Boxing Clutching three wins from a total of three fights since taking on a career of professional boxing nine months ago, former Stanthorpe boy Christopher Brackin has been ranked 15th in the country.
The young boxer now has his sights set on achieving a sought-after spot in the top five in his weight category in Australia by the end of the year.
Mr Brackin, currently living in Toowoomba, said the most recent of the fights was last weekend against an opponent who had competed in more than 130 professional events.
Mr Brackin said boxing was "just as much mental as it is physical” and his "gruelling” training regime involved two to four hours of boxing daily, five to seven days a week, with a six- to eight-week training schedule before each fight.
"Every fight is different and we train a different way for different opponents. I've been doing this since I was 10, so it all comes naturally.”
The former local is currently taking a break for a couple of weeks and said he would like to progress with the sport "as far as possible”.
"My whole family were boxers,” he said.
" It's in my blood lines but that's not what drew me to it.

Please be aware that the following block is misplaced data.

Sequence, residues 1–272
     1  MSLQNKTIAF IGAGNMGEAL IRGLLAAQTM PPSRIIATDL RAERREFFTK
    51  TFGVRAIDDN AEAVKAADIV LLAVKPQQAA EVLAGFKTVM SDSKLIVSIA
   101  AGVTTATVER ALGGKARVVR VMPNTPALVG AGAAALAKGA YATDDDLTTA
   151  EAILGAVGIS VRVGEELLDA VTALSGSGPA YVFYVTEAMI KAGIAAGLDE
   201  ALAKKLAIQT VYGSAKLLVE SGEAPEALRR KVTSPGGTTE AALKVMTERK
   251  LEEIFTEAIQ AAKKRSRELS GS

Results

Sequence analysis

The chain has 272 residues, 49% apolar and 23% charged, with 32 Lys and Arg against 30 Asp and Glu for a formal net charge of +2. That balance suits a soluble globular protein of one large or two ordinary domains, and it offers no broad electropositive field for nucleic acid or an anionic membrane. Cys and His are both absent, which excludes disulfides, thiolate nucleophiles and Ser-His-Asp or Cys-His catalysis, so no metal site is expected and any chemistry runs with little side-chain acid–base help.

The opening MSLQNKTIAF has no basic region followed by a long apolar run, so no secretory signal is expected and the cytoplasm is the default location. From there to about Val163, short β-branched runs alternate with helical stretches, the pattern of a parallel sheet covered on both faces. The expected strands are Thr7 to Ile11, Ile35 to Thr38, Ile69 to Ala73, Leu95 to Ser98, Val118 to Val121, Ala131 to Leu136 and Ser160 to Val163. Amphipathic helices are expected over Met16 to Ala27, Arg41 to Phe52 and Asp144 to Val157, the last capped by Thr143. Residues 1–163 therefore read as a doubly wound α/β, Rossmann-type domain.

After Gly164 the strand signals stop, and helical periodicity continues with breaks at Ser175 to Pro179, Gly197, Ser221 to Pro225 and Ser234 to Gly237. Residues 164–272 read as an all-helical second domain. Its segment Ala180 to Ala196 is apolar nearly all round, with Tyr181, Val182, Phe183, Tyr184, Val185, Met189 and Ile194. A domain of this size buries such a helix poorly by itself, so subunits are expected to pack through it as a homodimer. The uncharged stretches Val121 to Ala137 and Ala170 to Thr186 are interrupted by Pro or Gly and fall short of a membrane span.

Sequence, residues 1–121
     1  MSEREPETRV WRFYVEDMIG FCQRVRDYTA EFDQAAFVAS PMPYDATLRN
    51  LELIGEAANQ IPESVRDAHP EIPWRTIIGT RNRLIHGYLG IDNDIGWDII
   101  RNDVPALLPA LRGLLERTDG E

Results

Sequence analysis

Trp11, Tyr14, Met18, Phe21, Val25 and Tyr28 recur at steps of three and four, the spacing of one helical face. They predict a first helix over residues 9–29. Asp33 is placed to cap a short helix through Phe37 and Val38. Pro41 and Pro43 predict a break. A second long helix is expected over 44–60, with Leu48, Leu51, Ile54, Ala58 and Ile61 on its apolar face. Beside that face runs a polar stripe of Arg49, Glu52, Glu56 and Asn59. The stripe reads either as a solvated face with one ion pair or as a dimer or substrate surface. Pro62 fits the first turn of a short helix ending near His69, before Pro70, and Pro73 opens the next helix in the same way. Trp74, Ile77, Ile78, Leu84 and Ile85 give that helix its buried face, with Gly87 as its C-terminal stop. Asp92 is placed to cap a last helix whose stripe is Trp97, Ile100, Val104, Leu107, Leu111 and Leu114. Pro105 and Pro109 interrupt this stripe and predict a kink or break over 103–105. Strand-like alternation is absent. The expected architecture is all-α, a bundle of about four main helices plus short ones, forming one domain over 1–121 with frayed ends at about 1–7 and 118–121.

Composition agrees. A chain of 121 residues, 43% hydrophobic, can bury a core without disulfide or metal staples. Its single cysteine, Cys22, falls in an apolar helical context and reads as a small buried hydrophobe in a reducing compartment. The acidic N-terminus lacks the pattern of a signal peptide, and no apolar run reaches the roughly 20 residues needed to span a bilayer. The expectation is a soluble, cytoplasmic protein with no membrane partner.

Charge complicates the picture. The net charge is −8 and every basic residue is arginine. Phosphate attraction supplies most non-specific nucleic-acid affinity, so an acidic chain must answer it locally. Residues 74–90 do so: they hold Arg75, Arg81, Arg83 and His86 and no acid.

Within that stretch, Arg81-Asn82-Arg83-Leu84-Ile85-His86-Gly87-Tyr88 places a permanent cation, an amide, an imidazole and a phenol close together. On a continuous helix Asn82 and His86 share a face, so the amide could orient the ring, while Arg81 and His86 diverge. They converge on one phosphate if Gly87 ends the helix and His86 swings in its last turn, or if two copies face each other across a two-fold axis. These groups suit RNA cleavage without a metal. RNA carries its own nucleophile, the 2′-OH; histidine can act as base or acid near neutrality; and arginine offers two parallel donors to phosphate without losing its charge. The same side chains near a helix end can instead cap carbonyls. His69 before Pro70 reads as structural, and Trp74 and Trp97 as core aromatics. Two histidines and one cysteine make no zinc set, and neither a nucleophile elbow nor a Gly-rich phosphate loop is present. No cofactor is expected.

"I just naturally like it.
"I like what I've made of myself and I love what I get out of boxing.
"I believe it's the hardest sport in the world, and I love the challenge of it.”
He said winning a fight was "the greatest feeling”.
"We put our heart and soul into it for that one night and, by the time it all pays off, there's no better feeling.”
The 18-year-old - trained by Brendan Smith and Corbyn Kanveilomami - said he would recommend boxing as a sport for young people.
"It's given me opportunities that I used to dream about as a kid.
"A lot of people have such negative thoughts about it, but it's not what everyone thinks.
"It's such a humble and gentleman's sport.
"It builds discipline and respect and I believe I'm a better person because of it.
"Some people see it as a thug sport.
"But you gain a lot of respect for people, including the people you're in the ring with.”
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